Amphitheater proposed for Pearl Place
Last Updated: 12:42 September 17, 2013
The plan was submitted in August, and the city sent out public notices to property owners within 600 feet of the development soliciting feedback.
Denver developers Dan Otis and Darren Fisk bought three parcels of land this summer for $11.15 million, with a fourth under contract. The four pieces of land total 4.33 acres and wrap around the Chase Bank at the southwest corner of 30th and Pearl streets. The parcels are home to a couple of strip malls, as well as D&K Printing and the Woodsongs music store.
In addition to the landscaped amphitheater that sits next to an irrigation ditch that runs through the site, the concept plan proposes a pair of four-story office buildings totaling 202,500 square feet, 6,000 square feet of retail space, and an 83,500-square-foot, 120-room hotel.
The two office buildings would be on the south side of the development and feature an amenity pavilion and rooftop terrace. The hotel and retail space would anchor the Pearl Street frontage. A north-south street would bisect the development. And there would be wrapped parking structures both below ground and above.
The most intriguing aspect, however, might be the amphitheater, which would be bounded on the north by Chase Bank and on the south by the ditch. Jessica Vaughn, a planner with the city, said the project is somewhat limited in where it can build on the site due to the ditch, though the plan calls for some improvements to the ditch banks and landscape along it.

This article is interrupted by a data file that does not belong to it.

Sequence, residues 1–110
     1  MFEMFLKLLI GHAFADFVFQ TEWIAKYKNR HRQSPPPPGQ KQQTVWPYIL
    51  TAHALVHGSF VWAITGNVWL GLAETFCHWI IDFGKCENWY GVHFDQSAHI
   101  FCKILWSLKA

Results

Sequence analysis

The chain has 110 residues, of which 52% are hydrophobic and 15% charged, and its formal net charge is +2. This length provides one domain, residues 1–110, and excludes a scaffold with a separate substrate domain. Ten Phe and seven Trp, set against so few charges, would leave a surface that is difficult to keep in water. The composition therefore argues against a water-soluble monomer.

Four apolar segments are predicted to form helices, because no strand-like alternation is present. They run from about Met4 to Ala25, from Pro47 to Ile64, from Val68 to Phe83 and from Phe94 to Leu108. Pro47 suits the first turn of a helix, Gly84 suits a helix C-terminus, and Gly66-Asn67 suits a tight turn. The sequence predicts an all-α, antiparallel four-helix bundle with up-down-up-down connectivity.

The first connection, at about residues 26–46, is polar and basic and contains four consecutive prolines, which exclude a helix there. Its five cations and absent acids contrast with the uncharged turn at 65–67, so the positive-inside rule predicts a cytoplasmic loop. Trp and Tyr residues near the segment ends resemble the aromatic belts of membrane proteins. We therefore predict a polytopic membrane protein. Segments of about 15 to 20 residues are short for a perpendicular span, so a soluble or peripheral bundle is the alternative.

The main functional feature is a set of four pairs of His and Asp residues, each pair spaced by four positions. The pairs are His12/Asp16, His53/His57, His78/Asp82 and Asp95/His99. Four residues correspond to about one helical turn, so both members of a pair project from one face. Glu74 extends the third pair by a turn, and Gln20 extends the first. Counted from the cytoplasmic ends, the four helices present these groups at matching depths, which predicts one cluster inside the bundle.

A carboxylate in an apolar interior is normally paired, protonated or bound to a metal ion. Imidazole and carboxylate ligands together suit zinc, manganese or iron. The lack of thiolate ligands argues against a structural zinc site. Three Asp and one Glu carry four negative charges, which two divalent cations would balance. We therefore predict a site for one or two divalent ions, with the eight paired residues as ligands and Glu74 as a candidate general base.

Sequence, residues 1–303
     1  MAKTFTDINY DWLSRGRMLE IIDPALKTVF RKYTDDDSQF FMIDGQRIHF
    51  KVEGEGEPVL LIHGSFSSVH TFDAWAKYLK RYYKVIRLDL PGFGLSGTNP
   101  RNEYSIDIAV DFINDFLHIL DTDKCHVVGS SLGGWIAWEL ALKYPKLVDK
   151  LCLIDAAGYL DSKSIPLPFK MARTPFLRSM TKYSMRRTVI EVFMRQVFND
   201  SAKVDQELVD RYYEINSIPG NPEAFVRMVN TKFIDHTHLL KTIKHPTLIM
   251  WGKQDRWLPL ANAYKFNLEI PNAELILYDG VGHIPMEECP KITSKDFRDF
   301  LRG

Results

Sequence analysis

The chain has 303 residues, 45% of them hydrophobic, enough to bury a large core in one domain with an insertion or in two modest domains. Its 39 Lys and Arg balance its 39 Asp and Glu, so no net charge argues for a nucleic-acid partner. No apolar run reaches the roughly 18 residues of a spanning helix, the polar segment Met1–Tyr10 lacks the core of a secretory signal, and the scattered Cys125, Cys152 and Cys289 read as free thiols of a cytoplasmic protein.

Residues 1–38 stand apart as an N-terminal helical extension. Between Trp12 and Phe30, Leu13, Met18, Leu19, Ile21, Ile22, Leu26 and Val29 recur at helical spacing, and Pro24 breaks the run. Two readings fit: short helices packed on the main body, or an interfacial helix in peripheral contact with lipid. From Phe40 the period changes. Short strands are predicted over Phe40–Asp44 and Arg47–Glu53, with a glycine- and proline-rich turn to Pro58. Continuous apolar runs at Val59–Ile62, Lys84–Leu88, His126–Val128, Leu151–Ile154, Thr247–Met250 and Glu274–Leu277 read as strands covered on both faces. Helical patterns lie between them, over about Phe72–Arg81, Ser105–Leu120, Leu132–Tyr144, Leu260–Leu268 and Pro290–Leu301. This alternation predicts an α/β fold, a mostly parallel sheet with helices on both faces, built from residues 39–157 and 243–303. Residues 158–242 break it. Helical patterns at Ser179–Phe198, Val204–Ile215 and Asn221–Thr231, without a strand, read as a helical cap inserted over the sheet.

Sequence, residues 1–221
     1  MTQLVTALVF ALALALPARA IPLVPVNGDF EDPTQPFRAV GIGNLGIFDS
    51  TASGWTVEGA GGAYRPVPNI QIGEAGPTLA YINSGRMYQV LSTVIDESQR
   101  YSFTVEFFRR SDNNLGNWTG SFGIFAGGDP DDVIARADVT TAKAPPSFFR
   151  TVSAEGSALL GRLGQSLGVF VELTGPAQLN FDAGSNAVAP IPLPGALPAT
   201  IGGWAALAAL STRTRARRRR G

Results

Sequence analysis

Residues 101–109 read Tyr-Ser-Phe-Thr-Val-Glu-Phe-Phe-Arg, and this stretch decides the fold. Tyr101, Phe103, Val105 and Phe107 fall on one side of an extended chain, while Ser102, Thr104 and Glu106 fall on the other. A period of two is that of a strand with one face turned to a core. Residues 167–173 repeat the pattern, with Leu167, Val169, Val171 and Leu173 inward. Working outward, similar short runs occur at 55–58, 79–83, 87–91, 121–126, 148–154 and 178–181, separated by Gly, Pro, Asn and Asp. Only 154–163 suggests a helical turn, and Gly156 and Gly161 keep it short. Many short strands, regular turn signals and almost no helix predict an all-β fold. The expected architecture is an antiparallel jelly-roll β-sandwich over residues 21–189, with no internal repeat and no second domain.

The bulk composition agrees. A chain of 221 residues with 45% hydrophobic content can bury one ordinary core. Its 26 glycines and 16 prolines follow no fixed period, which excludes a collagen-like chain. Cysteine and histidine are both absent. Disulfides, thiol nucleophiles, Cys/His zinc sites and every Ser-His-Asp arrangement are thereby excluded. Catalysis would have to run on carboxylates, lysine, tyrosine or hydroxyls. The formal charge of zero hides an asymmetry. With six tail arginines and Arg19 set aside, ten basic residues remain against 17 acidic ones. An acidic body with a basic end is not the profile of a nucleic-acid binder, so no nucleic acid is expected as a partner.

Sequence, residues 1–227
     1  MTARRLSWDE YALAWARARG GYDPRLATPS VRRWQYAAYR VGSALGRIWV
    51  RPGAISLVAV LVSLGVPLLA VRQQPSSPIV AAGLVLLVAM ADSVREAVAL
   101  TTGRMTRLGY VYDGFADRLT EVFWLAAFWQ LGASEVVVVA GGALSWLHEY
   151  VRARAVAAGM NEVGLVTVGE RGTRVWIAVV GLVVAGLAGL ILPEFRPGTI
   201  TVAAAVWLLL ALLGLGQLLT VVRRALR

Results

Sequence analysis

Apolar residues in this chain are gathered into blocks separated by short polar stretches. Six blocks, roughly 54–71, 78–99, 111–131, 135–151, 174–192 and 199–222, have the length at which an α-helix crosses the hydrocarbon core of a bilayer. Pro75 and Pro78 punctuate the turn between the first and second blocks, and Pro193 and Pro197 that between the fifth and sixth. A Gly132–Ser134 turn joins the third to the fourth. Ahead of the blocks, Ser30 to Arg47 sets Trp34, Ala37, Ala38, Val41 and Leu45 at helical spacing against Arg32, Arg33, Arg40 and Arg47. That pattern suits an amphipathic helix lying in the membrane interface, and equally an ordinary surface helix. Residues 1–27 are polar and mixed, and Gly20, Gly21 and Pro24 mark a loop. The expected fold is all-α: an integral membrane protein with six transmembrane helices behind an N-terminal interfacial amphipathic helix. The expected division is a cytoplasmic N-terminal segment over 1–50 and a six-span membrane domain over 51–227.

Neither Otis nor Fisk could be reached for this story. However, Otis said at the time of purchase of the properties that the development would include a decent amount of green space and wouldn't maximize the amount of building square-footage allowed on the site.
"I think the open space program is a little higher quality than we usually see at concept," Vaughn said. "I was excited about that."
That said, Vaughn said the city also needs to learn more about what the intended uses of the amphitheater are going to be, whether developers view it as more of a public gathering and outdoor meeting or instructional space to serve the offices and hotel or whether they intend for large-scale live performances there. That is one of the things Vaughn said she submitted questions to developers about last week as part of the concept plan review process, though a response isn't due until Oct. 1.
"We're still up in the air until we hear more about how they plan to use it and what their intent is," Vaughn said.
The concept plan is scheduled to go before the planning board during a public hearing Oct. 24. The concept plan review is a more informal process through which the public and city officials can comment and suggest things developers should consider in moving forward with the more stringent and binding site plan review.
Vaughn said she's received no public input on the project so far despite the public notices.
The development is surrounded mostly by other businesses, except for a new apartment complex to the south, which is occupied by renters and not owners. To the east, another major apartment complex is going in. To the northeast is the Pollard Motors car dealership that will someday be part of the Boulder Junction development.
"Given the level of redevelopment in that area, I don't think it's that strange," Vaughn said of the lack of public response so far.
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